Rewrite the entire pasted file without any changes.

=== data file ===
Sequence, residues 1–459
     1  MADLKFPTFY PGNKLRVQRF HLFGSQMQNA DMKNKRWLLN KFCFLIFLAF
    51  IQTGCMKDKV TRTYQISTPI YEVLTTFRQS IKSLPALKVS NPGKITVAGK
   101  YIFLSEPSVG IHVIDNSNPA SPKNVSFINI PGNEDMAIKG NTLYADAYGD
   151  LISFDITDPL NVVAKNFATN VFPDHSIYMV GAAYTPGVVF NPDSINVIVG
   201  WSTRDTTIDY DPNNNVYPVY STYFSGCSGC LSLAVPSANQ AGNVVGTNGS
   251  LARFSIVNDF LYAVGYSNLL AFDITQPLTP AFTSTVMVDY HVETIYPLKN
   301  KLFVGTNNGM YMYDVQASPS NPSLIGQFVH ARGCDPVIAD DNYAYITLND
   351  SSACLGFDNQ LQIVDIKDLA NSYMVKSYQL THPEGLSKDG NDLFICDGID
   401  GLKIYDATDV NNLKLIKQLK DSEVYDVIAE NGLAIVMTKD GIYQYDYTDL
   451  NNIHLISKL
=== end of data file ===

Sequence, residues 1–459
     1  MADLKFPTFY PGNKLRVQRF HLFGSQMQNA DMKNKRWLLN KFCFLIFLAF
    51  IQTGCMKDKV TRTYQISTPI YEVLTTFRQS IKSLPALKVS NPGKITVAGK
   101  YIFLSEPSVG IHVIDNSNPA SPKNVSFINI PGNEDMAIKG NTLYADAYGD
   151  LISFDITDPL NVVAKNFATN VFPDHSIYMV GAAYTPGVVF NPDSINVIVG
   201  WSTRDTTIDY DPNNNVYPVY STYFSGCSGC LSLAVPSANQ AGNVVGTNGS
   251  LARFSIVNDF LYAVGYSNLL AFDITQPLTP AFTSTVMVDY HVETIYPLKN
   301  KLFVGTNNGM YMYDVQASPS NPSLIGQFVH ARGCDPVIAD DNYAYITLND
   351  SSACLGFDNQ LQIVDIKDLA NSYMVKSYQL THPEGLSKDG NDLFICDGID
   401  GLKIYDATDV NNLKLIKQLK DSEVYDVIAE NGLAIVMTKD GIYQYDYTDL
   451  NNIHLISKL